Preserving and Empowering Those in Need through Thoughtful Mentorship

What better way to learn about and understand the challenges a particular group of individuals face than by holding a gathering with community members to ask them directly?

Nearly ten years ago, before it was officially formed as what is now called the Little Collaborative Program, the soon-to-be founders of the organization held a conference and invited both people in the area who were living in poverty as well as service leaders and providers who had the potential to help. After this meeting, all agreed there were tangible ways the community could assist individuals in need using services that already existed; they just needed to be more accessible.

“We realized that it was really difficult to navigate through certain systems if you’re looking for help,” said Karen Fulkerson, executive director of the initiative. Often, people will seek assistance but get declined for minor reasons like misunderstanding the kind of paperwork they need to complete.

In Traverse City, the poverty level is around 11 percent. The goal of the organization was to train a volunteer base to respond to a variety of difficult situations community members faced, and familiarize them with the resources at hand.

To facilitate this kind of assistance, the organization opened Helplink in 2010 with the intent to stabilize, educate, and empower those on the fringes of the community. They currently assist around 1,000 people each year, collaborating with Family Partnership and AGAPE Financial to provide longer-term support through mentoring and monetary guidance.

Fulkerson highlighted an example of the organization operating at its finest by telling the story of a woman who came in and met with a budget coach and mentor. During a follow-up call, the team learned that her progress had been compromised by an abusive spouse who was recently incarcerated, and this young woman was in need of additional assistance. While reviewing her budget, the Helplink team discovered that she had been part of a nursing program but was unable to continue courses because of an outstanding balance from a previous semester. The organization loaned her the money to pay off the debt and re-enroll in her classes. Fast-forward to today. This same young woman has found stable housing with a family member, graduated from the school’s nursing program, and is working as a full-time nurse.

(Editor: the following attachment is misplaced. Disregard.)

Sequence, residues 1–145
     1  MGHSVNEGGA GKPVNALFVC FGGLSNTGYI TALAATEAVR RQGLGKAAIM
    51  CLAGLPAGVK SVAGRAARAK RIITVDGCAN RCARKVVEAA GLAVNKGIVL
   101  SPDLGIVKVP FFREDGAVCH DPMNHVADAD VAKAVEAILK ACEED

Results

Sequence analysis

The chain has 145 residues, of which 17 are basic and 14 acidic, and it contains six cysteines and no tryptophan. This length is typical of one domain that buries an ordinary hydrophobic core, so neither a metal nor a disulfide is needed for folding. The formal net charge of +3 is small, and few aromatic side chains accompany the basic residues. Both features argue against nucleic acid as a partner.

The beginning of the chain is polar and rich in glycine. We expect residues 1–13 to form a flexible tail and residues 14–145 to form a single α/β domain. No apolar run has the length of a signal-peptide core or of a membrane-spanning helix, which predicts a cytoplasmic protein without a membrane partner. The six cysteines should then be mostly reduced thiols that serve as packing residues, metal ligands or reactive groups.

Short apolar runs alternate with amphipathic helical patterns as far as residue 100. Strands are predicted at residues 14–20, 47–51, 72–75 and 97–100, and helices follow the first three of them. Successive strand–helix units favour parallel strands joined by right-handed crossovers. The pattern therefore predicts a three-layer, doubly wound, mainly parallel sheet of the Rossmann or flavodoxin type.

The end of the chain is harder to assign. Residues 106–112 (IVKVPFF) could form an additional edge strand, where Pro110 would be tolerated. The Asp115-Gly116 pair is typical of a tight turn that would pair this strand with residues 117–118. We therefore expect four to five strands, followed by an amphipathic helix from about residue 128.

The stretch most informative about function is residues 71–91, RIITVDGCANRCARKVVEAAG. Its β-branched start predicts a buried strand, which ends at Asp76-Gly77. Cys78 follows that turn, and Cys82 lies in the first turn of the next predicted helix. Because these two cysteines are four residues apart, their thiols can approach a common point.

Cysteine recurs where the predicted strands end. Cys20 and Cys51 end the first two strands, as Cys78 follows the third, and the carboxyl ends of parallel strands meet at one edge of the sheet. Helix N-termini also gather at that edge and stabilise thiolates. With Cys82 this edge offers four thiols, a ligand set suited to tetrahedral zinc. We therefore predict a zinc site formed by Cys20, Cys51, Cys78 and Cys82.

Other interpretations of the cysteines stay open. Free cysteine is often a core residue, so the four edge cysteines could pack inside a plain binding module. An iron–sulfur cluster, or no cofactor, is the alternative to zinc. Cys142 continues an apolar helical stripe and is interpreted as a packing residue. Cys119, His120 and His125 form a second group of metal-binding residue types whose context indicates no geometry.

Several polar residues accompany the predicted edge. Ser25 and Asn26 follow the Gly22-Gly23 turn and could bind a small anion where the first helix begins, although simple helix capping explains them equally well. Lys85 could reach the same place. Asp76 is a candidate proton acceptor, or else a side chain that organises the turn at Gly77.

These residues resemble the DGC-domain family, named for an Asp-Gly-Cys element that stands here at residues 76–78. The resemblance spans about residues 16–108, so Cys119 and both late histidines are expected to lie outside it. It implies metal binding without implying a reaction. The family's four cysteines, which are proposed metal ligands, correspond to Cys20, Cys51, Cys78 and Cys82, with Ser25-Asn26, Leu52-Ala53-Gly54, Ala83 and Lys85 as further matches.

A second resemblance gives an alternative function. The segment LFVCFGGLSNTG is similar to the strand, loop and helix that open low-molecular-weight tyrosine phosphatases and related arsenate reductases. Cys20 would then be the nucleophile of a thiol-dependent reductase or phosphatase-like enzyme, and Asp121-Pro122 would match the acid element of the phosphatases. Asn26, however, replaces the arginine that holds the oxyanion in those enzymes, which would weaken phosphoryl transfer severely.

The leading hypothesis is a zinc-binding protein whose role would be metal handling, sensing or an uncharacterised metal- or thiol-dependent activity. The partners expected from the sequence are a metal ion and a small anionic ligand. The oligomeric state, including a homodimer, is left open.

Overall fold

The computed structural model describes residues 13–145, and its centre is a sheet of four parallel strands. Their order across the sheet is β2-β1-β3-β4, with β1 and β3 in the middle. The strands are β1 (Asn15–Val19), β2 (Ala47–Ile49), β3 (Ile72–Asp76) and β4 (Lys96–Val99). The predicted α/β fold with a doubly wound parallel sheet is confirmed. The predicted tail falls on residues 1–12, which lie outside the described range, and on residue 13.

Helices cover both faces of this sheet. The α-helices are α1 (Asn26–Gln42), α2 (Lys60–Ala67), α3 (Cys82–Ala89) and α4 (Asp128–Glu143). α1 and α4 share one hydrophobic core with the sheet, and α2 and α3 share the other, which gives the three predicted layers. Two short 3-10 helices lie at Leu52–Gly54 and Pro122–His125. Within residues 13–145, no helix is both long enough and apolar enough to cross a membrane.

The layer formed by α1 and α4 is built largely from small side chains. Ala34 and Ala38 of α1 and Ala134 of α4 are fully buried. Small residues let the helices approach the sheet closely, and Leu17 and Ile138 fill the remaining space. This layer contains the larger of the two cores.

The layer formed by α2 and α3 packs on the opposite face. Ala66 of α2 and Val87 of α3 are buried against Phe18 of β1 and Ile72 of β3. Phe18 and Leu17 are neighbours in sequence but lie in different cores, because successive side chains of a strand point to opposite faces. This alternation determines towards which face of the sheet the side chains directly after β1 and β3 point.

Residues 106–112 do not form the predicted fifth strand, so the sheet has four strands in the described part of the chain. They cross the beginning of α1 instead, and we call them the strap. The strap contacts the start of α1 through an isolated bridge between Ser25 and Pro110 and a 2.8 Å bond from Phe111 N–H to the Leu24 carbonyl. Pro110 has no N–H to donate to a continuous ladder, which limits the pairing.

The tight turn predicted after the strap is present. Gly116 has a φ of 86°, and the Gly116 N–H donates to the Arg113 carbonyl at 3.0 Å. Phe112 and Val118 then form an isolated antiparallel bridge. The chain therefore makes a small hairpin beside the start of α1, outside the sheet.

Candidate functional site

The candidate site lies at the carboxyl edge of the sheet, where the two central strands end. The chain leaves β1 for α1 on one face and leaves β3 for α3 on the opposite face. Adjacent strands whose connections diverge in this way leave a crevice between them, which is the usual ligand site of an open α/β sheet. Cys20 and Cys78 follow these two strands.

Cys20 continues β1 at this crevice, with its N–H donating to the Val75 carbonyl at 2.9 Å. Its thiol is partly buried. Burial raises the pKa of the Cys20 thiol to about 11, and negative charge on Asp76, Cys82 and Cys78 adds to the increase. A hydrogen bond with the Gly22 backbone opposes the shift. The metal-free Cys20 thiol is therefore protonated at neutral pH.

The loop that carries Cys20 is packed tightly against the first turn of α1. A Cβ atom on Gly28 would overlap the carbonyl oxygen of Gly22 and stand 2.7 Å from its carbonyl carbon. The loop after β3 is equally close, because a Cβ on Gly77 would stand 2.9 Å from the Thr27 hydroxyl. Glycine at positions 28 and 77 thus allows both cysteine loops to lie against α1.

In addition to these services, Little Collaborative acquired the Laundry Project, a program that provides homeless people the opportunity to get their laundry done once a week for free. It is especially helpful for parents, who use it to help keep their kids’ clothes clean through the school year, quelling a source of vicious bullying among young students.

In the words of a homeless man who, when asked how the community could best assist him, responded, “If I had clean clothes, I think people would treat me like a human.”

Fulkerson worked in career development and program management for the majority of her career. She knew that, once she retired, she wanted to do something to benefit her community at large. Admittedly, she had no idea the impact this new work would have on her personally.

“Helping people really understand the trials of those in need is both part of the challenge and reward of this job. You just don’t realize the barriers people are up against every single day of their life.”

Twenty-five percent of the people who visit Little Collaborative return at some point, though Fulkerson remains optimistic about that statistic and sees it as an opportunity to continue building a budding relationship.

Looking ahead, Fulkerson said she would love to expand their laundry program to make it available year-round and, potentially, open up another facility. Little Collaborative receives no government or state funding and is sustained through local grants and community members.

The organization would also like to strengthen its volunteer base and connect more people with their neighbors who are struggling. “The more people we can expose to these efforts, the more solutions we’ll be able to discover. I also feel that, when you know you were helped by someone in your community, you become a more invested stakeholder.”

The Little Collaborative/HelpLink 1105 E. Front Street, Traverse City MI 49686 / (231) 946-6278 l LittleCollaborative.org